Thank you for your quick response. I don't want to belabor this more than
it needs to be .
>If you change the list of nodes during that time, the queue thread will
get a concurrent modification exception (best case) and die
I am guessing you are referring to this line
for (Computer c : Jenkins.getInstance().getComputers())
This is not same collection that addnode modifies, its a copy . So it seems
unlikely that would cause a concurrent modification exception.
> it will assign work to a node that no longer exists, except for a phantom
object reference that it held onto... or worse
This won't happen in this specific case I am describing here since a
computer is tied to *one* particular build , it cannot be assigned to a
My main motivation is to remove queue locking as much as possible as our
Jenkins instance has major scalability issues, almost *all* of it stemming
from overzealous queue locking.
> It is a long term goal to remove the queue lock
I would love for queue.lock to go away but do you think it realistic to
expect that to go away anytime soon given how deeply embedded it is into
the core structure of the code. eg: Here it looks like we are acquiring a
a queue lock
On Monday, October 17, 2016 at 1:54:11 PM UTC-5, Stephen Connolly wrote:
> On Monday 17 October 2016, Surya Gaddipati <suryap...@gmail.com> wrote:
>> Thanks Stephen for your quick response.
>> > as otherwise the scheduling will blow up in your face.
>> Curious, What do you mean by this ?
> When the queue starts scheduling it has to iterate the list of nodes to
> build up the candidate nodes for the load balancing algorithm.
> If you change the list of nodes during that time, the queue thread will
> get a concurrent modification exception (best case) and die... or it will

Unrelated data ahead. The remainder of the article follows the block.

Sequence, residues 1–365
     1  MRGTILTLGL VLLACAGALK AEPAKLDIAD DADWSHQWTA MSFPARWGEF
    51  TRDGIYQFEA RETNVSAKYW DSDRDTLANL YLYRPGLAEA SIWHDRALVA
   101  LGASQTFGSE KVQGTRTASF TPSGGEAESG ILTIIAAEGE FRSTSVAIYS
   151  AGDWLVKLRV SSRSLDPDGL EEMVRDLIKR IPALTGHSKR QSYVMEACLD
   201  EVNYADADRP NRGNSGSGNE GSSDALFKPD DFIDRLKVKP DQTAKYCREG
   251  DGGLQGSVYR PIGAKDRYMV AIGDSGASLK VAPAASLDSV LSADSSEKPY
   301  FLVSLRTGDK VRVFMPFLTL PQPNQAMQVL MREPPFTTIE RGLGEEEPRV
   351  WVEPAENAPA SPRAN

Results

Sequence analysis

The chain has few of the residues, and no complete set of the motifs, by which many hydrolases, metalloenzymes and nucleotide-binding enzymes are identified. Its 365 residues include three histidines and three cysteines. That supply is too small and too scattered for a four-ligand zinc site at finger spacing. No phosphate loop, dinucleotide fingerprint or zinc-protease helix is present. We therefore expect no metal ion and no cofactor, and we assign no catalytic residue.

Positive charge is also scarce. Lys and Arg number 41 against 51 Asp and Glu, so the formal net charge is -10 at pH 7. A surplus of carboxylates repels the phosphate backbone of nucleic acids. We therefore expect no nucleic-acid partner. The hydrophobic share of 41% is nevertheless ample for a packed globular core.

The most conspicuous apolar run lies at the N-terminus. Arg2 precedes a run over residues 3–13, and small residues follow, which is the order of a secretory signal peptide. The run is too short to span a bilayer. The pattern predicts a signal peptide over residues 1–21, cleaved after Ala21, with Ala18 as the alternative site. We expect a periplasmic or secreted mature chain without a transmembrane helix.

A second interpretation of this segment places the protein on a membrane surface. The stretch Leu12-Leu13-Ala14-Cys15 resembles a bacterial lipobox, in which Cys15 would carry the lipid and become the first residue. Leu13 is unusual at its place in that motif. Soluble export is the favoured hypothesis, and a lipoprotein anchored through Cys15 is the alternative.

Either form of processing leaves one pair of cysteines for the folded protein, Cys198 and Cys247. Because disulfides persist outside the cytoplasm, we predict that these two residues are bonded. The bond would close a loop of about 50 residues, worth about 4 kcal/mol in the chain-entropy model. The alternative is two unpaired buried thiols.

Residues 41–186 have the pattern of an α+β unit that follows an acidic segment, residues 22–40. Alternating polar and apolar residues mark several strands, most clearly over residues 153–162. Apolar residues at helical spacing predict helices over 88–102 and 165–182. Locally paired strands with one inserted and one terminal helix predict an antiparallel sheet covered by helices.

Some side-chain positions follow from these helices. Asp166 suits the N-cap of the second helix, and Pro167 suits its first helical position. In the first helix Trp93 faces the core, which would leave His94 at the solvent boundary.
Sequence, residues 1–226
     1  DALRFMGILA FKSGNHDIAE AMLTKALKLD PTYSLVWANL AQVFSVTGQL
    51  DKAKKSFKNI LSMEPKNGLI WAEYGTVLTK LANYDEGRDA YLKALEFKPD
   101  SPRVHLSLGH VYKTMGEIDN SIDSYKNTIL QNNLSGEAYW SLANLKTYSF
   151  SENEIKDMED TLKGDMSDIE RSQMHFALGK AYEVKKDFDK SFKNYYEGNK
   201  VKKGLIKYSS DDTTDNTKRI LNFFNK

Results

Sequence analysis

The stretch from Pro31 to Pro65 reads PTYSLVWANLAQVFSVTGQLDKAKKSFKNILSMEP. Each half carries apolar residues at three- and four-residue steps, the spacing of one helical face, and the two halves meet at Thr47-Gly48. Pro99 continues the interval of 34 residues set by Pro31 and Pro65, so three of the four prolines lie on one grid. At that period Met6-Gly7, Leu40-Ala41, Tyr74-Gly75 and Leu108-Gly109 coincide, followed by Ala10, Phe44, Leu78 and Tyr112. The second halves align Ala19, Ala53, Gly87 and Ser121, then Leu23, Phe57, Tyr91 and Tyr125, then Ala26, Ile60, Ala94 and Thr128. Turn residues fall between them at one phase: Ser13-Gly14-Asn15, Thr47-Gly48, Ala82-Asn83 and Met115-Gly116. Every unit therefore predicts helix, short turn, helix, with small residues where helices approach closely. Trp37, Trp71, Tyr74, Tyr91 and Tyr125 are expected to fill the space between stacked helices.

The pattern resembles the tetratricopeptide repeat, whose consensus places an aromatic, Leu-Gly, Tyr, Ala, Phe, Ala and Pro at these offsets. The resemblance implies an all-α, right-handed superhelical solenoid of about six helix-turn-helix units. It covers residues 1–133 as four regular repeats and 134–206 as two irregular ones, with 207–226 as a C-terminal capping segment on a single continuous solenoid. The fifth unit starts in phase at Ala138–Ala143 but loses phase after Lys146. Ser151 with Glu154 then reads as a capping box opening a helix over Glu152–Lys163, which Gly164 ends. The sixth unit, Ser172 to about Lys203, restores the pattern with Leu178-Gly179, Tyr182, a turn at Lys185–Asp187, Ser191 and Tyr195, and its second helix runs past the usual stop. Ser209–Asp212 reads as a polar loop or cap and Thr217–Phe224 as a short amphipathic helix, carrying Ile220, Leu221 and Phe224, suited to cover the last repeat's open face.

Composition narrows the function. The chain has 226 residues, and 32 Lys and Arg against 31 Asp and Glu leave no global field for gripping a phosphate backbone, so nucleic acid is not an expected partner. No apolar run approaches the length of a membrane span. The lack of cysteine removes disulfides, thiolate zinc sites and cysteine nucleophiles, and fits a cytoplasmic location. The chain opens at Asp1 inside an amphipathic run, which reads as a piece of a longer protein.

> assign work to a node that no longer exists, except for a phantom object
> reference that it held onto... or worse
> It is a long term goal to remove the queue lock as it impacts scalability
> when you have 1000's of executors that can match a job... but even then the
> impact is not so large that removing the lock would be a priority.
> For now, use the queue lock methods, when we remove the need for a lock
> they will become no-ops that the JVM will inline away for plugins compiled
> against current cores
>> thanks again.
>> On Monday, October 17, 2016 at 9:53:23 AM UTC-5, Surya Gaddipati wrote:
>>> Hi all,
>>> I am working on plugin
>>> <https://github.com/suryagaddipati/jenkins-docker-swarm-plugin> that
>>> creates a single use computer/node whose lifecycle is tied to a single
>>> build . I am currently adding the node like this
>>> However that method requires multiple Queue locks while doing so.
>>> I believe in my particular case there is no need for queue locking since
>>> only a single build can ever be scheduled on the computer via
>>> I wanted to check ,
>>> 1. if that assumption is correct
>>> 2. If the team is open to accepting a patch to jenkins.instance for a
>>> new method which adds a node without the Queue lock.
>>> Thank you.
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